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If you are planning on trying to earn a National Merit Scholarship and apply to highly selective colleges and universities, the following general test schedule might be a good fit for you:

  • Take the SAT in August or October of your Junior year–this will help you be well-prepared for the PSAT in October of your Junior year. Since you have one chance to do well on the PSAT for National Merit Scholarship consideration, a “dress rehearsal” with the SAT will be extremely helpful. You may also want to try taking the PSAT as a sophomore for additional practice.
  • Take the ACT in December of your Junior year. This test date has a Test Information Release available so that you can analyze your test questions and answers.
  • Evaluate your PSAT scores and December ACT scores so that you can determine if the SAT, ACT or both tests would be the best fit.
  • Take the ACT, SAT, or both in the spring of your Junior year. Most students improve the second time they take the test, so it is a no-brainer to try the tests at least a couple of times. Consider taking the March or May SAT because of the Question and Answer Service; you can get a copy of your test booklet and answers. Also consider the April or June ACT, since those dates offer the Test Information Release.
  • Take the ACT or SAT again in the summer if needed. If your scores are not quite where you want them to be, try the July or September ACT, or the August or October SAT. Keep in mind that many schools superscore (take the best score from each test section), so you may want to try to improve your weaker test sections. Ideally, if you can have your testing complete by the time you start applying to colleges, you will be much less stressed.

Please keep in mind that the above timeline is a general suggestion, and many other factors should influence when you take the tests. Here are some other things to consider:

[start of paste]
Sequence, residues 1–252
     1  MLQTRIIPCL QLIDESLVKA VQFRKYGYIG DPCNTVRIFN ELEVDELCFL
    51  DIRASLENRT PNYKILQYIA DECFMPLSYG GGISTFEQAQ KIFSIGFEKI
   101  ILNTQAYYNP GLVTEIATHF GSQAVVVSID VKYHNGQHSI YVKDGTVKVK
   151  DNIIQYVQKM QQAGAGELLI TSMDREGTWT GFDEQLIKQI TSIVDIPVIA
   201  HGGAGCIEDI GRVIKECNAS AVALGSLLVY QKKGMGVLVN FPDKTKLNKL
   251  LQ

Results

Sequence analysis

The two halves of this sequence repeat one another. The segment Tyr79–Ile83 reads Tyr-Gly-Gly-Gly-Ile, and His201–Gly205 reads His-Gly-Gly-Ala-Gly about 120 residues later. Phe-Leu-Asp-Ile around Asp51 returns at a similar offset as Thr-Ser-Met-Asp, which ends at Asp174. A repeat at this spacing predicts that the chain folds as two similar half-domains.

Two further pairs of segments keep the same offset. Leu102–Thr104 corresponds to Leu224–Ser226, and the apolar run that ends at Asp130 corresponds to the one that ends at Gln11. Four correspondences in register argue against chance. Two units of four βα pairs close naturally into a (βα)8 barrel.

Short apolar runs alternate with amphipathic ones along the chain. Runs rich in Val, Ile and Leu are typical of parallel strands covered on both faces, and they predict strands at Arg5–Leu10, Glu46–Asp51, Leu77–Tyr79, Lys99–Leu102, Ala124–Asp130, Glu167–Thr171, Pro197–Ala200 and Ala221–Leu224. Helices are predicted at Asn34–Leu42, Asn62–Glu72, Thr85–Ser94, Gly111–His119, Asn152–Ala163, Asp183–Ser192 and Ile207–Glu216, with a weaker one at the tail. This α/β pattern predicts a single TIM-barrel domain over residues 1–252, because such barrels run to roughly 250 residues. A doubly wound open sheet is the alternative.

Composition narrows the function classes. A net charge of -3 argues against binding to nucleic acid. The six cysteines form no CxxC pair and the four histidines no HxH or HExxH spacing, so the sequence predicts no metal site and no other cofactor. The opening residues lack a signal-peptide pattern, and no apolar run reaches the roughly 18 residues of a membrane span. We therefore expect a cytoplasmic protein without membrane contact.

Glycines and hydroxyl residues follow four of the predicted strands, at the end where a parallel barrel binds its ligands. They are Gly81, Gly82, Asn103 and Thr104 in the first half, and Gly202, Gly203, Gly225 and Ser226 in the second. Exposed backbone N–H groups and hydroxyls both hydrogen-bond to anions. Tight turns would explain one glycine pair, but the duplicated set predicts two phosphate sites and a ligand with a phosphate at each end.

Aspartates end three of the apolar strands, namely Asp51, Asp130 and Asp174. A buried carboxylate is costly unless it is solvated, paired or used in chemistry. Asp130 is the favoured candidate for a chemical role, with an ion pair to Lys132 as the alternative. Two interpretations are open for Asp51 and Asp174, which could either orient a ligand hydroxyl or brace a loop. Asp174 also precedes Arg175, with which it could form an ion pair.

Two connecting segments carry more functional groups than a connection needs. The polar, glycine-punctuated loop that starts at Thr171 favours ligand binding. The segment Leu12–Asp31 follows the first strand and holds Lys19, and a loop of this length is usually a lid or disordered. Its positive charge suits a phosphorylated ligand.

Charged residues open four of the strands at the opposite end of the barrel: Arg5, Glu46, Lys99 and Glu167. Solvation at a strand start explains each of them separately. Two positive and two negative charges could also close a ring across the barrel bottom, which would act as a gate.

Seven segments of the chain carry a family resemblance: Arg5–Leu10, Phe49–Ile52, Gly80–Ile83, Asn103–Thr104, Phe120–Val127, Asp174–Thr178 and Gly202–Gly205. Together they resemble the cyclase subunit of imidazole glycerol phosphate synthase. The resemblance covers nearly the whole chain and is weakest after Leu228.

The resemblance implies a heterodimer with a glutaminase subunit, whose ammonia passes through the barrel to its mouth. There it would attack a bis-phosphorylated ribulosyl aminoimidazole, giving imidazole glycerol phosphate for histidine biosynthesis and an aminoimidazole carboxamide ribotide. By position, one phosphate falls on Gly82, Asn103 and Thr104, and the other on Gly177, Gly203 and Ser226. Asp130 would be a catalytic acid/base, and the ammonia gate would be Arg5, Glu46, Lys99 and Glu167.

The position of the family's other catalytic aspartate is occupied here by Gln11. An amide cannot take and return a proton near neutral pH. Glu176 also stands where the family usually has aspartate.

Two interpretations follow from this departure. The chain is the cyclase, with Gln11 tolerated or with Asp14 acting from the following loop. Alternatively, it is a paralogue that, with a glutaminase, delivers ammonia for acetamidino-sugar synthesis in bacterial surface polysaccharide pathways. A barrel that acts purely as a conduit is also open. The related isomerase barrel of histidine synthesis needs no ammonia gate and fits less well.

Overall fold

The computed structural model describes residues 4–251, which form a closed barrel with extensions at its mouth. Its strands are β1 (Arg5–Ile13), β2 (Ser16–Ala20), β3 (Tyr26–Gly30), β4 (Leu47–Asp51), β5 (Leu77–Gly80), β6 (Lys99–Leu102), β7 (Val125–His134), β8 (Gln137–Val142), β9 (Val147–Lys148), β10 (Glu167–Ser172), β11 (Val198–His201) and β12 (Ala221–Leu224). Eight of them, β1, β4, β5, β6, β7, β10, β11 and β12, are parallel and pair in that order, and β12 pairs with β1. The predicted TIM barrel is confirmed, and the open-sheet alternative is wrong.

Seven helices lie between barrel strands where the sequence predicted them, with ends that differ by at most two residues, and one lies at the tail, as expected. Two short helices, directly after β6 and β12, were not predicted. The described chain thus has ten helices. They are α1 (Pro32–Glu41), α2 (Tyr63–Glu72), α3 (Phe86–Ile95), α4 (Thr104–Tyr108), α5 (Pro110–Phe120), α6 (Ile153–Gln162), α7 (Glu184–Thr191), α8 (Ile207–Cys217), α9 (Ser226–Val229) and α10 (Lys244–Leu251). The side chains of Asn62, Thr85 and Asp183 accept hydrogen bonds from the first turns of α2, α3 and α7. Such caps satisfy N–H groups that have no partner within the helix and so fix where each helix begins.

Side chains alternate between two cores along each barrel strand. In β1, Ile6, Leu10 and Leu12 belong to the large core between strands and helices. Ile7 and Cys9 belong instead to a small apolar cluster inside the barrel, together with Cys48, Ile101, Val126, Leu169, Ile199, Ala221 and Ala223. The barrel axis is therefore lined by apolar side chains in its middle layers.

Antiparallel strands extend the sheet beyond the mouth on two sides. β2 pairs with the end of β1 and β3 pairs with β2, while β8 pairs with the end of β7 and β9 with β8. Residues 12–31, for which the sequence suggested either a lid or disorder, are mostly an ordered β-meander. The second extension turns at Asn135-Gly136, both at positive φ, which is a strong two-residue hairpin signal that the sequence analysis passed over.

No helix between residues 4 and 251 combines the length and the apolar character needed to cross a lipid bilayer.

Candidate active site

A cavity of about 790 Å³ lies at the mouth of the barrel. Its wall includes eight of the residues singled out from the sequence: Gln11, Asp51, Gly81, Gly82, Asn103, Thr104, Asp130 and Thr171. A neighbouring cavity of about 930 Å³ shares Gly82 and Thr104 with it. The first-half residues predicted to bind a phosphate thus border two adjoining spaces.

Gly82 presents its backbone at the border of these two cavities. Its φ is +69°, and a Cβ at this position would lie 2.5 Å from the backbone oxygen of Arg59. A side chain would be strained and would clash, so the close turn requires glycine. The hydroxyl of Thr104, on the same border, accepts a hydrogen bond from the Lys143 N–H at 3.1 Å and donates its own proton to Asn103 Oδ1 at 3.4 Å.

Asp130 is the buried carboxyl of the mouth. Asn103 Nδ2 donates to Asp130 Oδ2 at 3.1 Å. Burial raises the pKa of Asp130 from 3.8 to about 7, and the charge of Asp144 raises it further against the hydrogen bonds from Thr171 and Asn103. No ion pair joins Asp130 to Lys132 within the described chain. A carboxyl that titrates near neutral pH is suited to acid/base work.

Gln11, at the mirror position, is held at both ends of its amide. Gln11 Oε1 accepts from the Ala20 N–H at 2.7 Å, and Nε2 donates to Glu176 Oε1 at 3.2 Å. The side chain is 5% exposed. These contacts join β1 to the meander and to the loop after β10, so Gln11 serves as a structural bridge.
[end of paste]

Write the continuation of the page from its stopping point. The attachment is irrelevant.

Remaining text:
• Does your state offer in-school ACT or SAT tests? If so, you may want to focus on being well-prepared for those test dates. You will get to take the test during the school day in familiar surroundings, possibly giving you an enhanced opportunity to perform well.
  • Is a certain time of year less busy for you because of decreased extracurricular commitments? If you are a fall athlete, perhaps you should focus your preparation on the winter tests. If you have a busy spring, try to get your testing done in the winter.
  • Are you being recruited for sports? Coaches often like to have your test scores as early as possible. You may want to move your testing timeline up a bit if recruiters would prefer that you do so.
  • Are you only applying regular decision? Many students want to weigh different financial aid offers and want more time to consider possible schools. If so, you do not need to have your testing complete until December or January of your senior year.

I hope you found this helpful. If you have questions about the best test-taking timeline for your particular situation, please reach out to us and we would be happy to help.